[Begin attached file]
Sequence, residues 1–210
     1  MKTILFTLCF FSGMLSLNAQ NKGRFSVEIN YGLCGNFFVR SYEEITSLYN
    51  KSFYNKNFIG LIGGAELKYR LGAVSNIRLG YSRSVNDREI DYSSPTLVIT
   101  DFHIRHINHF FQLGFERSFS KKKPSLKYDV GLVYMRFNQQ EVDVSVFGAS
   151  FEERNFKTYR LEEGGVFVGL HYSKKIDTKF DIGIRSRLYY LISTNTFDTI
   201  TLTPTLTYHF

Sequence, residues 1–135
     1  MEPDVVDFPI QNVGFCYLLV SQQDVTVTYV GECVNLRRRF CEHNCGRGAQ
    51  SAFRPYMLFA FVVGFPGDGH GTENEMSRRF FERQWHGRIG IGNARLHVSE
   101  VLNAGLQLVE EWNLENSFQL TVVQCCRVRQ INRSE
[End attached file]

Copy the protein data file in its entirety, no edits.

Sequence, residues 1–210
     1  MKTILFTLCF FSGMLSLNAQ NKGRFSVEIN YGLCGNFFVR SYEEITSLYN
    51  KSFYNKNFIG LIGGAELKYR LGAVSNIRLG YSRSVNDREI DYSSPTLVIT
   101  DFHIRHINHF FQLGFERSFS KKKPSLKYDV GLVYMRFNQQ EVDVSVFGAS
   151  FEERNFKTYR LEEGGVFVGL HYSKKIDTKF DIGIRSRLYY LISTNTFDTI
   201  TLTPTLTYHF

Sequence, residues 1–135
     1  MEPDVVDFPI QNVGFCYLLV SQQDVTVTYV GECVNLRRRF CEHNCGRGAQ
    51  SAFRPYMLFA FVVGFPGDGH GTENEMSRRF FERQWHGRIG IGNARLHVSE
   101  VLNAGLQLVE EWNLENSFQL TVVQCCRVRQ INRSE